BLM to hold public meeting on proposed Hassayampa River corridor protections


Bureau of Land Management Arizona

BLM Office:

Hassayampa Field Office

Media Contact:

Chris Wonderly, public affairs specialist

PHOENIX — The Bureau of Land Management scheduled a public meeting on Feb. 28 at 6 p.m. at the Prescott Public Library, 215 E Goodwin St., Prescott, AZ 86303, to discuss a request from the U.S. Forest Service to protect 3,739 acres of land in the Prescott National Forest for 20 years.

The area requested for protection – known as a withdrawal – is home to sensitive wildlife species with native habitat along the Hassayampa River. This river corridor’s unique plant community occurs exclusively within the requested withdrawal area, and provides habitat for the Mexican spotted owl, northern goshawk, Cooper’s hawks, and flammulated owls. The Mexican spotted owl is listed as a threatened species under the Endangered Species Act.  

The Hassayampa River corridor is located near a historically active mining area. The requested 20-year withdrawal would protect this area and its unique natural resources from new mining, oil and gas, and geothermal development, subject to valid existing rights. 

A notice announcing the public meeting will appear in the Federal Register tomorrow. At the meeting, BLM and Forest Service staff will provide information about the requested withdrawal and answer questions.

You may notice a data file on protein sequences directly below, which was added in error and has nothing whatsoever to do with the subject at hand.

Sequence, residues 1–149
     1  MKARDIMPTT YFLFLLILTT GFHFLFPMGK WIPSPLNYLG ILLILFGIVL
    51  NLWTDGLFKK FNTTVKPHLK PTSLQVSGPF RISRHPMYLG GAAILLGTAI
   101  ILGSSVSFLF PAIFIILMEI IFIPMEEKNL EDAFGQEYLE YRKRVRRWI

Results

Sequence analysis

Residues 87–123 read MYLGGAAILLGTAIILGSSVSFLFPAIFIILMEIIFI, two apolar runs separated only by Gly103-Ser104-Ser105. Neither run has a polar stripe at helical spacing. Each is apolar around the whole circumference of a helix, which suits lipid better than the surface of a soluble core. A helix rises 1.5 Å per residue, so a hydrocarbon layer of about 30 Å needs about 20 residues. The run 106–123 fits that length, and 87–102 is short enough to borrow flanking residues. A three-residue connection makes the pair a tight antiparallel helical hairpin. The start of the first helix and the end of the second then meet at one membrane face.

The Forest Service is the lead agency for the National Environmental Policy Act environmental review process for the requested withdrawal, with BLM participating as a cooperating agency. Under federal law, the BLM processes withdrawals on public lands, including in the National Forest System.

For more information on the proposal please contact Chris Wonderly at or 602-818-8295. 

The BLM manages more than 245 million acres of public land located primarily in 12 western states, including Alaska, on behalf of the American people. The BLM also administers 700 million acres of sub-surface mineral estate throughout the nation. Our mission is to sustain the health, diversity, and productivity of America’s public lands for the use and enjoyment of present and future generations.